Legendary NYU finance professor thinks that investors can learn a valuable lesson from Major League Baseball.
"As any baseball fan knows, the New York Yankees have an A Rod problem," he writes. "Just in case you have no idea what I am talking about, A Rod is Alex Rodriguez, the third baseman for the New York Yankees, signed in December 2007 to a one of the richest sports contracts in history."
Unfortunately, Rodriguez has been so disappointing that the Yankees even benched him during the playoffs. And the Yankees still owe him $114 million over the next five years.
If the Yankees continue to expect Rodriguez to fall short of expectations, what are they to do?
Damodaran advises that Rodriguez's contract should be seen as a sunk cost. He writes:
If they follow financial first principles, the contractual commitment of $114 million that they have already entered into should not be part of the calculus in any decision that they make now. Thus, if they feel that A Rod, based upon his current skill level (and age), is worth only $3 million a year for the next 5 years, they should be willing to consider trading him to another team (assuming he okays the trade) that will offer even a little bit more (say $3.1 million/year) in return, and eat the rest of the contract (about hundred million).
This would be the rational thing to do. And this way of thinking is fundamental in corporate finance and investments.
However, Damodaran doesn't expect the Yankees to go that route.
Will they do it? I don't think so, because any such deal be an explicit admission that they made a horrendous mistake five years ago. Instead, what you are most likely to see is A Rod at third base for the Yankees, to start the next season, with everyone hoping and praying that he discovered the fountain of youth (at least a legal version of it) in the off season.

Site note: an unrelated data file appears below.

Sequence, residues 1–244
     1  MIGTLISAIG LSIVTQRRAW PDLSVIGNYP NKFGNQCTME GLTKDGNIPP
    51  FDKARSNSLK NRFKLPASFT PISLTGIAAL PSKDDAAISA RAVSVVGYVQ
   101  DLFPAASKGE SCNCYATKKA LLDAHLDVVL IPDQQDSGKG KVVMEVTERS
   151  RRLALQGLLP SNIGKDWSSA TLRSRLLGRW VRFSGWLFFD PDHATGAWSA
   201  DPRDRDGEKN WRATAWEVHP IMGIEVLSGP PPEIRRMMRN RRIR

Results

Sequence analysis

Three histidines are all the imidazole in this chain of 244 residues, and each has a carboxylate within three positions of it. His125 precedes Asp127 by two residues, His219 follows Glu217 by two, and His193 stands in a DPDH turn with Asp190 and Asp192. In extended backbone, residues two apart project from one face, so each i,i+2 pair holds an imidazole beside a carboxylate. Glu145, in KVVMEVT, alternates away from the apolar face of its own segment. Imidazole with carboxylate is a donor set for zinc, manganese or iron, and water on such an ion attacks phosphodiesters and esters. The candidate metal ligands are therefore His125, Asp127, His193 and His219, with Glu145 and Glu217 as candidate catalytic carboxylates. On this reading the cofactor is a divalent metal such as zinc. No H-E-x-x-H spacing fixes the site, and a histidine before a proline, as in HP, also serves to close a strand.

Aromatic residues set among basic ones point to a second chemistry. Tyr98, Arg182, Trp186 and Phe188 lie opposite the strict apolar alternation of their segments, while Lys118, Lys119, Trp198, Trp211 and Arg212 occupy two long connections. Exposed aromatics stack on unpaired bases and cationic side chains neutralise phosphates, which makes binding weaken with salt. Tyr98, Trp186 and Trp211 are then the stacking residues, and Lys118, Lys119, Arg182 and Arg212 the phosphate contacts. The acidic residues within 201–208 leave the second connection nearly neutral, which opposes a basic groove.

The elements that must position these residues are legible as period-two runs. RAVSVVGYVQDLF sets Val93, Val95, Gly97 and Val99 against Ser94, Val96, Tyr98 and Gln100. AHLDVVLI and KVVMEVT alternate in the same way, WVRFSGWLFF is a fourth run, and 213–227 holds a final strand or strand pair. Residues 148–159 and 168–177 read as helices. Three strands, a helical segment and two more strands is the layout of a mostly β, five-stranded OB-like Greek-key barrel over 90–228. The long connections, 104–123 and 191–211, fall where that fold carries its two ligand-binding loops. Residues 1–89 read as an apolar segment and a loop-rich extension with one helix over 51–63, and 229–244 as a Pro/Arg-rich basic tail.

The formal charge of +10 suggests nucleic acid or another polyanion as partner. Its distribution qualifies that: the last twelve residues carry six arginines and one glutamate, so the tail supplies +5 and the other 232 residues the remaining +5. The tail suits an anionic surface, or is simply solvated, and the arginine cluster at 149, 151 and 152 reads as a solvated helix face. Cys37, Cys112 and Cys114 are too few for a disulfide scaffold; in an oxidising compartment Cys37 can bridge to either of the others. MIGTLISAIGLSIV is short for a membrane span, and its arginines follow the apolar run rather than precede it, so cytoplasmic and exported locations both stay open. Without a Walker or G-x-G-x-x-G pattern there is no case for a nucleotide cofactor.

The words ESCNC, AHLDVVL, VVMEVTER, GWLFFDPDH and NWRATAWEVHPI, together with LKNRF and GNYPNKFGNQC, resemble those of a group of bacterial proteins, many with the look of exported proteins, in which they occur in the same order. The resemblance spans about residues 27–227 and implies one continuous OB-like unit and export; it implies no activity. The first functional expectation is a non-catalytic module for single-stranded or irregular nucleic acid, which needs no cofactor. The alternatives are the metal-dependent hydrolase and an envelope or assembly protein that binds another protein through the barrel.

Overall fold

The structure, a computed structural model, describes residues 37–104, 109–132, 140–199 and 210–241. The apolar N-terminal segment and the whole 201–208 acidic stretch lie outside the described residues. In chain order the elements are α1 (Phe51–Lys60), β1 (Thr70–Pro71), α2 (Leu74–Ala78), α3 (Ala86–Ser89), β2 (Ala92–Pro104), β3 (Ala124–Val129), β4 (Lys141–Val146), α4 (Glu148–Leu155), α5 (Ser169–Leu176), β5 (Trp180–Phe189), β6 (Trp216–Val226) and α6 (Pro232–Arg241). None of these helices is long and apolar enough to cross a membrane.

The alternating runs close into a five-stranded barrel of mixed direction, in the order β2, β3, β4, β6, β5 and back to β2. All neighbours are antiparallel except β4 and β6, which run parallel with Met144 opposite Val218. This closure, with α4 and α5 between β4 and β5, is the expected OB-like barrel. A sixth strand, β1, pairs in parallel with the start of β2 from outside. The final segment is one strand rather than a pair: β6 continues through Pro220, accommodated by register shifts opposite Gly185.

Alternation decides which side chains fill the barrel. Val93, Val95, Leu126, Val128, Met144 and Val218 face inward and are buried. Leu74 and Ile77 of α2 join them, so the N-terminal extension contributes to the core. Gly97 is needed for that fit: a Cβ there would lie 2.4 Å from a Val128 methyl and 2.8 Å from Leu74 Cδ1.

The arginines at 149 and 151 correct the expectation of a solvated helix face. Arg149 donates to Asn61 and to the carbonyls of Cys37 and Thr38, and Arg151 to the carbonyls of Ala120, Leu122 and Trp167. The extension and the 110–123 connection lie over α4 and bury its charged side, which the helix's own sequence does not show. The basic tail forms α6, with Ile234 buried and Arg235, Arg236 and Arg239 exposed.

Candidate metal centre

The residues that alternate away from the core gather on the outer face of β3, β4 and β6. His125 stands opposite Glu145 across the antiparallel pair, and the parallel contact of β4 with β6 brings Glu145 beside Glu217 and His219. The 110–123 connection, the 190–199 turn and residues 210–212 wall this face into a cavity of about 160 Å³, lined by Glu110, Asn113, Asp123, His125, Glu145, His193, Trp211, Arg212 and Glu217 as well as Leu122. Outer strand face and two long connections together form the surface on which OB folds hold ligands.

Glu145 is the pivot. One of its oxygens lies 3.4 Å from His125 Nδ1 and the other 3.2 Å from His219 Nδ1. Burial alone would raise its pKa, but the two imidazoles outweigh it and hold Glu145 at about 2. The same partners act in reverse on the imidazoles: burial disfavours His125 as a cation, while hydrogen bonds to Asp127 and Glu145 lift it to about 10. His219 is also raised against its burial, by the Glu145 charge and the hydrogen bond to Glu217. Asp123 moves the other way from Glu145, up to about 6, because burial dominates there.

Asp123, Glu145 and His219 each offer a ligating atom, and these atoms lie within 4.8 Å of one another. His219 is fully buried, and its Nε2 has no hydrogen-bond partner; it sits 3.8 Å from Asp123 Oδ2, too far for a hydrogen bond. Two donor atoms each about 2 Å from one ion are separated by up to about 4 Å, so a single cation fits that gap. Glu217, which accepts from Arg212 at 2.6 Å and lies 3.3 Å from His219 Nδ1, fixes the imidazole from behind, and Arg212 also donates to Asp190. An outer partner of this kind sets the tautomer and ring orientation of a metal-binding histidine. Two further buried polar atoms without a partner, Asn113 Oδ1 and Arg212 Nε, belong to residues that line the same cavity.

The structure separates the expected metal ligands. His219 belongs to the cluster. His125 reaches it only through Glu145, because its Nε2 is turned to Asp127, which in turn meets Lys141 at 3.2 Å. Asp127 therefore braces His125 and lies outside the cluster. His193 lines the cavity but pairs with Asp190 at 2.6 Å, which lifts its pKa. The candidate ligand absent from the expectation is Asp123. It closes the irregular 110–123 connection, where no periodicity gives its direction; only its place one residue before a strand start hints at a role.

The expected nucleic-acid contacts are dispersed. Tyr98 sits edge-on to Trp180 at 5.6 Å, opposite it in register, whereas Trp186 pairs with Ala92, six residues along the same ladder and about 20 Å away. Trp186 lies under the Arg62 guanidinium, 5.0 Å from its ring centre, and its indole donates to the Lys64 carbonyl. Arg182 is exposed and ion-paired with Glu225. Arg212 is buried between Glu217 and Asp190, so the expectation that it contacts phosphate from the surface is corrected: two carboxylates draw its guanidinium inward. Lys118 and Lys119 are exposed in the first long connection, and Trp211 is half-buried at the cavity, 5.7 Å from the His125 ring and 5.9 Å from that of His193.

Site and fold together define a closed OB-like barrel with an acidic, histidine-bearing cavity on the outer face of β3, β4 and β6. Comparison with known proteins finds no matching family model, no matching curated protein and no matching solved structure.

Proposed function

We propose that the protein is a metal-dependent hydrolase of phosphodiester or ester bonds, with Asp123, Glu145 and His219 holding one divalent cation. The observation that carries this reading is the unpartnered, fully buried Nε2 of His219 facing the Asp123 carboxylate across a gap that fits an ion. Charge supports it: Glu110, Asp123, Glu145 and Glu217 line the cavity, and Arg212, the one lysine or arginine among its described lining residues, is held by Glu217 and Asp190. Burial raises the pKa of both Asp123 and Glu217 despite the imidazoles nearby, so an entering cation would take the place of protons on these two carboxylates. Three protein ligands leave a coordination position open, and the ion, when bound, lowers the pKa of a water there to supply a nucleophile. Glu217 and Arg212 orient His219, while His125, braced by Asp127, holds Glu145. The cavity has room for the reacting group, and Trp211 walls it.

And if you've ever invested in stocks, you know that you're likely to make the same mistake the Yankees are about to make.
Rationally, your decision on whether to keep an investment in your portfolio should be based on whether that investment is cheap or expensive, given its price and value today, and not on what you originally paid for the investment or its value then ... However, we are human and almost by definition, we are not rational, and behavioral finance chronicles the costs that we bear. In particular, there is significant evidence that investors sell winners too early and hold on to losing stocks much too long , using a mixture of rationalization and denial to to justify doing so. Shefrin and Statman coined this the "disposition effect" and Terrence O'Dean looked at the trading records of 10,000 investors in the 1980s to conclude that this irrationality cost them, on average, about 4.4% in annual returns. Behavioral economists attribute the disposition effect to a variety of factors including over confidence (that your original analysis was right and the market is wrong), mental accounting (a paper loss is less painful than a realized loss) and lack of self control (where you abandon rules that you set for yourself).
In his post, Damodaran offers tips on how investors can deal with the "disposition effect."
Read more at Professor Damodaran's blog.
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